A Glass Half Full
Felix Dennis
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Buy *A Glass Half Full* online

A Glass Half Full

Felix Dennis
224 pages
September 2004
rated 4 of 5 possible stars

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Felix Dennis is the publisher of Maxim and other magazines, not someone famous for his poetry. However, in the book’s introduction, the author describes how he turned to poetry while in the hospital, starting out with only a pen and a stack of Post-It notes. He openly admits that “[t]he ‘spot of poetry’ has become a fully-fledged obsession” and the results of his new love were collected in a single volume. The book was a surprise best-seller in Britain, leading to its recent American release.

The CD is a fitting complement to the collection. It includes the author reading thirty-five of his poems. A few were recorded during a live performance of his work, and these are particularly impressive with the emotion that Dennis puts into the reading. That’s not to detract from the others, though, as his voice enhances the story and meaning behind each poem, even if they lack the fire of the live readings.

Dennis employs rhyming verse in his poetry and tends toward very literal meanings and interpretations. He also uses a good deal of humor, where appropriate, to the point that the poetry in A Glass Half Full could never be considered stuffy “literature". This is not to say that he doesn’t employ poetic language, creating images through simile, metaphor, allusions and the like. However, as a poet, he seems more interested in the story or the idea behind the verse than in cloaking it in flowery language. If there is an obscure inspiration behind a particular piece, he includes an explanation at the bottom of the page so that everyone can “get” it. He is a poet that anyone can enjoy, not just academics.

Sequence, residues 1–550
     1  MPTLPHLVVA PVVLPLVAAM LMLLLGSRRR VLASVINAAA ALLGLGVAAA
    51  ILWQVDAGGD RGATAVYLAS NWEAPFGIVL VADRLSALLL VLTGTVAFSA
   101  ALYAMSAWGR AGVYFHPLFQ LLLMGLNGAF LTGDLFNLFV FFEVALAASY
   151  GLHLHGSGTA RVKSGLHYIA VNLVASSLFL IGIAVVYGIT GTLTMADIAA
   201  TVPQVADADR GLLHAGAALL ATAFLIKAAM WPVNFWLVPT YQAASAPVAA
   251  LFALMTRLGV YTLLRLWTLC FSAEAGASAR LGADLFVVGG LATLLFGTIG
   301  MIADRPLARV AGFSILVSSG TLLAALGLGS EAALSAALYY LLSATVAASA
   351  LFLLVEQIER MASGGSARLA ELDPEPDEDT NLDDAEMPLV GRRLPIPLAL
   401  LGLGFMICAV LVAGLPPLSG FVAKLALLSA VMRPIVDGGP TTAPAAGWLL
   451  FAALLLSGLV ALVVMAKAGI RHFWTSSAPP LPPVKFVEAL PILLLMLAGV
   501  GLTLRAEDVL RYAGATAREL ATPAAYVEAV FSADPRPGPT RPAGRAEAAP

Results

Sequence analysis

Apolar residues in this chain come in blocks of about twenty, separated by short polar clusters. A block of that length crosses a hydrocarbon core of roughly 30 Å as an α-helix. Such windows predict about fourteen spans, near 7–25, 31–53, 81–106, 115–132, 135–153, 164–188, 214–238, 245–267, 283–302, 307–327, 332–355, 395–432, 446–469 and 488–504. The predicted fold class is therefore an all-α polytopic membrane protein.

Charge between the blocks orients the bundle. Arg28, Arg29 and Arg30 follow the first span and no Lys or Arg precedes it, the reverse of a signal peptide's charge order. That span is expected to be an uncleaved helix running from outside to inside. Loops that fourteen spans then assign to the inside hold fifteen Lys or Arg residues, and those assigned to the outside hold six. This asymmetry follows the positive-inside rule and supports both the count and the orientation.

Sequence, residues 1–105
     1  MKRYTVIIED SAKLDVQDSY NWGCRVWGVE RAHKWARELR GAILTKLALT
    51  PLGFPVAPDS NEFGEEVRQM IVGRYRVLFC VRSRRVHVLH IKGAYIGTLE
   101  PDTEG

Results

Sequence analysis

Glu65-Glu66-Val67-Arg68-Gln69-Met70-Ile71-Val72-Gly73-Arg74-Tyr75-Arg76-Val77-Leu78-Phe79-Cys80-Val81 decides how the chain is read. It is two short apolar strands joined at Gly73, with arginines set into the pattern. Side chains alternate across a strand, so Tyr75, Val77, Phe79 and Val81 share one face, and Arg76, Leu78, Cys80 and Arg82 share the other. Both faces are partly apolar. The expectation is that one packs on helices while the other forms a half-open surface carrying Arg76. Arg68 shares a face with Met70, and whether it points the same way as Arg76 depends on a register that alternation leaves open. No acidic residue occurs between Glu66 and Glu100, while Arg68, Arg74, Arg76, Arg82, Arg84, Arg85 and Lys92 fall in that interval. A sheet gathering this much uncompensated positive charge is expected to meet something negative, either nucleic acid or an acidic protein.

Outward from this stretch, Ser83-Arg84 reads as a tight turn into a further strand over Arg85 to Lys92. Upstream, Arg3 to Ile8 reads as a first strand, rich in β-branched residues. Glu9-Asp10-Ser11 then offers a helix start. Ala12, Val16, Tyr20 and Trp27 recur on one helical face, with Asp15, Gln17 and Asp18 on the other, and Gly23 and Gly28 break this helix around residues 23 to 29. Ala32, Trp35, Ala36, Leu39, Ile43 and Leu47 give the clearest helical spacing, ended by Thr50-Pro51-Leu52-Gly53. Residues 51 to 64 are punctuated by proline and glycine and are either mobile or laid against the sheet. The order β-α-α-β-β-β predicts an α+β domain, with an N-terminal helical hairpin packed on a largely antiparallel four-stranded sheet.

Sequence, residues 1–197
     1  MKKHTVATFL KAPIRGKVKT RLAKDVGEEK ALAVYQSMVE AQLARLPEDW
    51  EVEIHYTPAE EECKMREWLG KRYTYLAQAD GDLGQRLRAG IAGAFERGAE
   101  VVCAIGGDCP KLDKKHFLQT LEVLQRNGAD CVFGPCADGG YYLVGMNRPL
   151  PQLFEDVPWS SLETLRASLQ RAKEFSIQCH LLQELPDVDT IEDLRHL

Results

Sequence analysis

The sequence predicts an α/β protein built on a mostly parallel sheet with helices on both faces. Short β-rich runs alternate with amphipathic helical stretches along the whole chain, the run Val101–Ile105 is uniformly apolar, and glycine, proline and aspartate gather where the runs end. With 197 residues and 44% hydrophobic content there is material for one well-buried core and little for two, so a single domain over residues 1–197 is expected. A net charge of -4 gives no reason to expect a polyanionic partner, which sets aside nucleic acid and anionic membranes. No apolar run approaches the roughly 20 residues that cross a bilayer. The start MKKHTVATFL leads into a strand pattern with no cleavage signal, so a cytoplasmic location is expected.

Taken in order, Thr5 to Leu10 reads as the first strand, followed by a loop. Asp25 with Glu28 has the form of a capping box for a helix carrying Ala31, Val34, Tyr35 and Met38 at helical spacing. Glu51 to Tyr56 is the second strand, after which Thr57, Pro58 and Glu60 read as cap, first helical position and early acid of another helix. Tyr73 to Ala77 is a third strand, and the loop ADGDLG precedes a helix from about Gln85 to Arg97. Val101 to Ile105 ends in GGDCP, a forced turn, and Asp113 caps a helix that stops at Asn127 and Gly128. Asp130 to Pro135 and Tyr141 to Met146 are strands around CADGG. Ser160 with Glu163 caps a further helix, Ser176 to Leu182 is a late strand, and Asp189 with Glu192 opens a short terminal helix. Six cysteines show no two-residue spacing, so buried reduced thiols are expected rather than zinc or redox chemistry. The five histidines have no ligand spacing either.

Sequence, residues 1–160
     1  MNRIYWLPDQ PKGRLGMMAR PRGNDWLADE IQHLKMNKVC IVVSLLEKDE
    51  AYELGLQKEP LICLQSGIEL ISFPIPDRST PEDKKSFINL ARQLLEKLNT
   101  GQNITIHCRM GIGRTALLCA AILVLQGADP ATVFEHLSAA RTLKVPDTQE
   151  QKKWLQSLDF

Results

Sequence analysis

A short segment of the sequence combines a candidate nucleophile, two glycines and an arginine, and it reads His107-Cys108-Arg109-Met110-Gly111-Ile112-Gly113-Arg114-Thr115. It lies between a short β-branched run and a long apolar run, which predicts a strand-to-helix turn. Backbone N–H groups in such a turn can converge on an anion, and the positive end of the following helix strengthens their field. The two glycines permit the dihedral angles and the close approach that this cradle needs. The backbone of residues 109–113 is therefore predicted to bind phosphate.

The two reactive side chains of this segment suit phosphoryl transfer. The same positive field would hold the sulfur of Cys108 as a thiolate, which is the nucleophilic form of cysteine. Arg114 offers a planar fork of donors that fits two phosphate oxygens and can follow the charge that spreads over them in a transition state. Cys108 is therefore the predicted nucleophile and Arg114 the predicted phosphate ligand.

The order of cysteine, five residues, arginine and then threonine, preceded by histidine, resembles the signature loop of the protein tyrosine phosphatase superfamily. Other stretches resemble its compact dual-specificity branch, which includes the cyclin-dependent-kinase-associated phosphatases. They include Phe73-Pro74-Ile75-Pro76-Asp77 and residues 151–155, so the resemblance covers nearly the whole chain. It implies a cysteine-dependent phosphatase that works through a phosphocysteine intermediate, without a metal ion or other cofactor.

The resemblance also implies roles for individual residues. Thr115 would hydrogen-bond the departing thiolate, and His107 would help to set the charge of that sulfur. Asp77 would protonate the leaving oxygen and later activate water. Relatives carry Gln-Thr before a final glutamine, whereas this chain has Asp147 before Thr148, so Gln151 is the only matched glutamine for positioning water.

The sheer number of poems in the collection without any sort of apparent connection can be overwhelming, especially when poems don’t flow well from one to the next. For instance on two facing pages, the reader is presented with a poem about male genitalia and a poem in celebration of water as the foundation of life. Despite the lack of an overarching theme, there are several reoccurring ideas throughout the collection. Dennis reflects often on the passage of time and the death of close friends. He also celebrates the baby-boomer generation and coming of age during the hippie era. The idea that nature will persist long after humanity has run its course also appears several times.

As a whole, A Glass Half Full is an enjoyable collection. Whether you’re looking for a laugh, want to meet an interesting character, or would like to reflect on the weightier issues of life, there’s something for everyone in the included poems.

Originally published on Curled Up With A Good Book at www.curledup.com. © Lorie Witkop, 2004

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